There is a lot of booze in Sin City. I would guess we consume more alcohol per capita than any place on the planet. Sure, we are helped out by those 41 million or so ‘guests’ that show up on our doorstep expecting an evening from The Hangover.  It is those of us that are looking for hard-to-find experiences in Sin City, however, that make the actual selection of alcohol in Las Vegas completely astounding.

Xania Woodman has been writing, editing, and musing about nightlife and bar life for quite some time. Recently she began Now Drink This LIVE!, a series of events where hand-selected industry experts immerse attendees in all bottled things great and wonderful.

The real secret about great product is that every great product has a great story.  Great products are generally driven by passion. Passion in turn, generates all of the twists and turns on the road to greatness.  That makes a story great- and understanding the context of a particular bottle makes it even more enjoyable when you drink it.

But what about that ballerina?

Fizz at Caesar’s Palace is an elegant and somewhat opulent Champagne bar featuring (what I would assume is) a small portion of Elton John’s husband’s photography collection. David LaChapelle’s stuff is everywhere. Which makes sense, considering that LaChapelle was involved in The Red Piano at Caesars. The bar is gorgeous. Think of a private quiet nook right off of the gaming floor with expensive but hip art and you have a perfect place for an evening of whisky education.

The featured speaker of the evening was Joe McCluskey, brand ambassador for Brenne Whisky. A brand ambassador’s job is to increase brand awareness.  It helps if you have good brands and a personality. Joe is lucky and has both. He also has a penchant for comfortable shoes and well-placed interjections of curse words.  “Forgive my French,” he says, before launching into some excellent Old English. Vegas Artisanal Spirits Specialist Tony DeMaria greeted everyone with a drink developed for the evening (The Caterpillar’s Cardigan) and we began.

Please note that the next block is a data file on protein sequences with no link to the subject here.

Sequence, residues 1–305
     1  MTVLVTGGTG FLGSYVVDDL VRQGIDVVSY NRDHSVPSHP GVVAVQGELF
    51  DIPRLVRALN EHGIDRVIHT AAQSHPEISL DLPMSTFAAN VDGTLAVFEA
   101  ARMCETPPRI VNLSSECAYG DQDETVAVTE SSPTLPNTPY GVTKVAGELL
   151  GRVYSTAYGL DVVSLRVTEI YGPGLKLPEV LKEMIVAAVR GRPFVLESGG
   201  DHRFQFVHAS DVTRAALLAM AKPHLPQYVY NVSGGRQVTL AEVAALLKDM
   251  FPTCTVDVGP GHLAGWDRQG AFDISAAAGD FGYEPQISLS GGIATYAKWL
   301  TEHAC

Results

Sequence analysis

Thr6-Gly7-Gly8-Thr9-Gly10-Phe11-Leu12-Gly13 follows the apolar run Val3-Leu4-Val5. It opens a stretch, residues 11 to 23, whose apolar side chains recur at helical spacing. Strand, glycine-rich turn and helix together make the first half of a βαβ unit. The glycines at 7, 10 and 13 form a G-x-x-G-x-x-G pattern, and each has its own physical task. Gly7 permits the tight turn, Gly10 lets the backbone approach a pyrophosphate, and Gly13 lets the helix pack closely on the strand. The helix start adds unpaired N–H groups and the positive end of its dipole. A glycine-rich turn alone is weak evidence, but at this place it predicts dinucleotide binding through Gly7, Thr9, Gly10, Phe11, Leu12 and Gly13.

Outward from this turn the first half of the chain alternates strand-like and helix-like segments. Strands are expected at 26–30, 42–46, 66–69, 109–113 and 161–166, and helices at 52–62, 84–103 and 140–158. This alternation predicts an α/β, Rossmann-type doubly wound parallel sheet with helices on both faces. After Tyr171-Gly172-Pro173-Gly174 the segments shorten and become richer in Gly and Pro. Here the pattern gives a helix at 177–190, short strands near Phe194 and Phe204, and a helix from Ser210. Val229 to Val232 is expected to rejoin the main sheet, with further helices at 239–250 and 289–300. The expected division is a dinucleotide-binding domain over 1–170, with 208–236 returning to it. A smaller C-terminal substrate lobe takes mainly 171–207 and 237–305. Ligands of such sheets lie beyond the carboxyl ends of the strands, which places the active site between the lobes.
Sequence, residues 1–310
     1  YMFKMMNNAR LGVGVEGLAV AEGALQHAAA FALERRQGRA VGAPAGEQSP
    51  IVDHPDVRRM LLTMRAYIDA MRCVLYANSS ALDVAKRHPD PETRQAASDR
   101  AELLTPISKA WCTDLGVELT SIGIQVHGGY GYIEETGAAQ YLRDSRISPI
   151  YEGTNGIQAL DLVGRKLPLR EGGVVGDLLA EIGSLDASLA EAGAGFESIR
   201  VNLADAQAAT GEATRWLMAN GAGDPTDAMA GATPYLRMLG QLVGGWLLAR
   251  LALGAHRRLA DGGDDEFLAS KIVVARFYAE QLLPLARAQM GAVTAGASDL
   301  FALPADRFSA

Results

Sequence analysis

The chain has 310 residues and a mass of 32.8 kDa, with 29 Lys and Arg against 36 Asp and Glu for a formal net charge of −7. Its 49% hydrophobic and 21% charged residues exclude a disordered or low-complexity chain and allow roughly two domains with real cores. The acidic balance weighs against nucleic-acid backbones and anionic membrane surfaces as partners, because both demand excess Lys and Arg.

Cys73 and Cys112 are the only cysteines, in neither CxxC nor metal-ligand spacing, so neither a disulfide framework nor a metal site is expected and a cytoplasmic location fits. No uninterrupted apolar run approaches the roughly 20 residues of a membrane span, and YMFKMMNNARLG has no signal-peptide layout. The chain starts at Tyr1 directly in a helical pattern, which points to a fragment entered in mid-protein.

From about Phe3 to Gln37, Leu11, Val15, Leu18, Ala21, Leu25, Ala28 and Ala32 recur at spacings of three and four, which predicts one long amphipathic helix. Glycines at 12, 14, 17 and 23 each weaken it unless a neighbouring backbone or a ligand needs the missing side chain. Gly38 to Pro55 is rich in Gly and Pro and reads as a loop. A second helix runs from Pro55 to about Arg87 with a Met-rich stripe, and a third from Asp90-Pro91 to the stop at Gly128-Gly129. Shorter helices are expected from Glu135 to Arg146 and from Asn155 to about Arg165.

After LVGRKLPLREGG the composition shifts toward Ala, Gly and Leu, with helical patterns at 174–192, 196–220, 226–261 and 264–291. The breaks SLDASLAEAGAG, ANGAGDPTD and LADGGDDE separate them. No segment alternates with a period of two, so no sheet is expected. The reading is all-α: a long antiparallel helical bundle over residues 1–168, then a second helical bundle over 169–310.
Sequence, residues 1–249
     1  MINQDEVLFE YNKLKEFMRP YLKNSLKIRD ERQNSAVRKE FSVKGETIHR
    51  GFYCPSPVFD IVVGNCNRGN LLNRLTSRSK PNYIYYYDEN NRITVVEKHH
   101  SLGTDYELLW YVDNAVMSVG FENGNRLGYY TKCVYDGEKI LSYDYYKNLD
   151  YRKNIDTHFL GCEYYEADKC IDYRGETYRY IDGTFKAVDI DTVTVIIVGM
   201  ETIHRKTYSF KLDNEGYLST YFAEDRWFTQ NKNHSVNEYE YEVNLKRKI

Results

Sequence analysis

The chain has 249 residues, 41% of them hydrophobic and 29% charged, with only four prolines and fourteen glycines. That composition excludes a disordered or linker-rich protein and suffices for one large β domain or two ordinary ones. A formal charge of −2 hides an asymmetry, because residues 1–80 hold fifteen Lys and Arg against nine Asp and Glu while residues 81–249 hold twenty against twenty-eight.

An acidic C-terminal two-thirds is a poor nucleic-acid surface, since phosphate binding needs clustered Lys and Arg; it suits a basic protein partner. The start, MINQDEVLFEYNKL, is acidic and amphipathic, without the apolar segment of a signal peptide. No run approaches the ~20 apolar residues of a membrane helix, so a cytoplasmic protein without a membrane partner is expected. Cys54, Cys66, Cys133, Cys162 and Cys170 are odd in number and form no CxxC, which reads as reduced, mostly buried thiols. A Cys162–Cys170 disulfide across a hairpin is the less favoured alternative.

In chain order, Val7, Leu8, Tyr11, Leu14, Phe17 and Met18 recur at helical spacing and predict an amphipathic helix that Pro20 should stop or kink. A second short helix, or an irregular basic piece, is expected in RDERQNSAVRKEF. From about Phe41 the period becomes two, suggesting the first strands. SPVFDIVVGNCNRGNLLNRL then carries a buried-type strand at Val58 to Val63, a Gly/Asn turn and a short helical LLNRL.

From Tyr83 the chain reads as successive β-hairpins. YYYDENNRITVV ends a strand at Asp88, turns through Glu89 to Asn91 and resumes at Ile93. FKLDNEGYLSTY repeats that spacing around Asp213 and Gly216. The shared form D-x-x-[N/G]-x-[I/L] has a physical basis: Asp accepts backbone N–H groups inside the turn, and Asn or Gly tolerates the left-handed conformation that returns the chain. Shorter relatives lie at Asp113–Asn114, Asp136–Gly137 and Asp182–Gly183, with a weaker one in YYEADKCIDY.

Scotch is a mystery only if you wish to master it. Fundamentally Scotch comes down to barley and a barrel, however. It is what happens to that barrel and in that barrel that defines the scotch. One of the hot areas of scotch (lowercase) is World Whisky.  This is generally an attempt to make a Scotch-style product in an area other than Scotland.

A World Whisky, Brenne Whisky is made in Cognac, France. Like most good things French, terroir must be mentioned.  Terroir is (simplistically) how a local environment affects a wine’s flavor. Brenne is fascinating because it is more than likely the only whisky with a bonafide terroir- everything involving the production is found within 30 miles or so of the facility.

Brenne is a fairly new brand- we were treated to the first 10 year expression. Distilled in a copper alembic still, then aged in virgin Limousin Oak barrels and finished in wet cognac casks (what else?), the product is bottled per barrel. Since there is no blending of the whisky the flavor of every bottling of Brenne will vary. Aging is about 7 years.

How does it taste?  This is where it gets very interesting. The flavor of the batch we tried was almost sweet with a cherry and fruit scent.  Think of a good manhattan with just a hint of vermouth and an orange. This is due to the use of wet barrels for the final steps of aging.  Your palate is being hit with a good dose of French Cognac.

There are a lot of Scotches and Scotch-styled liquors out there.  This is a completely unique product. A good addition to your bar with a great story.

And about that story?

Allison Patel is a ballerina who, upon retirement, pursued wine, whisky, and cheese. On her travels she found a 3rd generation cognac producer who was making a unique scotch using barley from his farm.  The rest, as they say, is Brenne.

A World Whisky, Brenne bottles are about $60. One of the coolest things about Now Drink This is that you get to learn from experts while you try liquors. At a fraction of what it would cost to own the bottles. Try before you leap. Insecure about your knowledge base? The events are geared to the level of the participants.  You will learn. You will also enjoy. You may even be in front of the group learning how to make one of the evening’s cocktails. And you could win a door prize.

The next Now Drink This Live! Event is at Fizz in Caesars Palace, Wednesday November 30, 2016 from 6-8 PM. It will feature Atlantico Rum founder Brandon Lieb and Ryan McGinnis with the topic “The Rum Resurgence.” Tickets are $40 and are available here.

The Caterpillar’s Cardigan

  • 2 oz. Brenne
  • Sugar Cube
  • Dash of Bittermens Boston BIttahs or Similar
  • Absinthe Rinse
  • Lemon Zest

Add absinthe to glass and swirl. Add sugar, zest and a dash of bitters to a mixing glass. Crush the cube. Add whisky and ice to mixing glass. Stir until cold and diluted; 20 seconds or so. Dump absinthe and strain into glass. Add lemon garnish.

Based on the variation in Brenne from bottling to bottling I would suggest going easy on the sugar and using it to taste.  This could become a ‘too sweet’ cocktail rather easily and  the sweetness would overwhelm the liquor.